“For the person pressing on towards happiness must even be prepared to go through fire and sword” – Diogenes of Sinope.



Today we pick back up where we left off on the subject of asceticism by returning to the ancient Greeks. The word asceticism is derived from the Greek word, askesis, meaning exercise, in this case the exercise of self-denial. Pythagoras (6th century B.C.E.) is often seen to be a proto-ascetic, a strict vegetarian and celibate who lived very modestly – a practice he may have adopted from the East – and a paradigm for his school in ancient Italy.

The epitome of Greek asceticism is thought to be Diogenes of Sinope (4th century B.C.E.), a student of Antisthenes who is considered the father of asceticism and who was a student of Socrates. Diogenes was known as “the dog” (cyn in Greek) because of the life he adopted; but he inverted this moniker by asserting that the happiness of a dog is possible for men. The cynics were not a school but rather an erratic succession of individual philosophers who renounced worldly desires to pursue a life in accordance with virtue and independence. They led a simple life of eating just enough to survive, wearing a simple shabby cloak, and limiting additional possessions to perhaps a cup from which to drink water and a staff. They had great contempt of wealth, prestige, and lineage. Their logic is simple enough – the gods want nothing; therefore men most like the gods will want next to nothing. Only virtue is good and vice bad; everything else is of no value either way.

Virtue for the cynics is quite different from that traditionally associated with the ancient Greeks (courage, temperance, fortitude, and prudence) and includes: self-sufficiency (autarkeia), freedom, detachment, and training for moral toughness and endurance. For cynics, poverty is the paradoxical avenue to peace and contentment making them the first philosophers to eulogize poverty as a blessing in disguise. They affirm a rational distinction between natural and artificial (societal) values. Happiness is found by strength of mind to want nothing and to lack nothing, and the toiling and painful effort of this moral struggle is the short cut to virtue. While fundamentally antisocial, the cynics were not hermits; they advanced a form of philanthropy; serving as models of virtue for others to follow. They generally rejected intellectual arguments, instead offered an ideal practical example of autonomy which gave spiritual hope to the poor and oppressed.1,2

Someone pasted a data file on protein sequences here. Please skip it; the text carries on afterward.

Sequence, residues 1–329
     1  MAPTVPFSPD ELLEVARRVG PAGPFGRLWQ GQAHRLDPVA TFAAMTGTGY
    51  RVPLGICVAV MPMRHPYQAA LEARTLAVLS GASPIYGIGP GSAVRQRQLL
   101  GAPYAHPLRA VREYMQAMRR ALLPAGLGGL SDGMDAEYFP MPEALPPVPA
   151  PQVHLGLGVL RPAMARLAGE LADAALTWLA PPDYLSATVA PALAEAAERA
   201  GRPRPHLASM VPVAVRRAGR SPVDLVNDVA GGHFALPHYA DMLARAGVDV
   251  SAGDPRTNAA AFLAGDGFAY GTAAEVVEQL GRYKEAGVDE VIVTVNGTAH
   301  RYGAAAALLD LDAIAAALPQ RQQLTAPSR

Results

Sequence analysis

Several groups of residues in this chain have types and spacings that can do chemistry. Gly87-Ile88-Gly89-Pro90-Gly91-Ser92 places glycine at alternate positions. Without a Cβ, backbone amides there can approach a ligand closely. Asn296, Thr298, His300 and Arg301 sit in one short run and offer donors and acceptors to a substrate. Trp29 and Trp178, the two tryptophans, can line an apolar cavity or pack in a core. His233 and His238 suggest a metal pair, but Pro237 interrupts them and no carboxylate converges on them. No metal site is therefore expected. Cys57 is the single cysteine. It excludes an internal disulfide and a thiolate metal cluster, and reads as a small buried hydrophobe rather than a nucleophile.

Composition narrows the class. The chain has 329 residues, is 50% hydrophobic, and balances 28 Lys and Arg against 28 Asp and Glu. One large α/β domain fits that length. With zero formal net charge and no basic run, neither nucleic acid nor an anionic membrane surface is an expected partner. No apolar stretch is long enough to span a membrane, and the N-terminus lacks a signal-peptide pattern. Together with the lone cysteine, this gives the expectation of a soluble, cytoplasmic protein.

Cynic practice and thought was instrumental in the development of stoicism, Epicureanism, skepticism, and possibly influenced the early Christian hermits. Emerson echoes their philosophy when he says, “The amount of a man’s wealth consists in the number of things he can do without.” Its precepts continue to this day in the form of monasticism and perhaps the modern concept of simplifying life as a means to happiness. Materialism then can be seen as the basis for much suffering and its renunciation as a means to tranquility and moral strengthening. Ironically, the initially unpleasant detachment and relinquishing of goods and luxuries may reduce human suffering on balance and foster ultimate contentment.


1Edwards, Paul (editor), The Encyclopedia of Philosophy. Macmillan Publishing Co., Inc. & The Free Press, 1972.   Volume 2, pages 284-285.

2Dobbin, Robert, The Cynic Philosophers from Diogenes to Julian. Penguin Group, New York, NY, 2012. Pages xxi-xxvi and 12-13.

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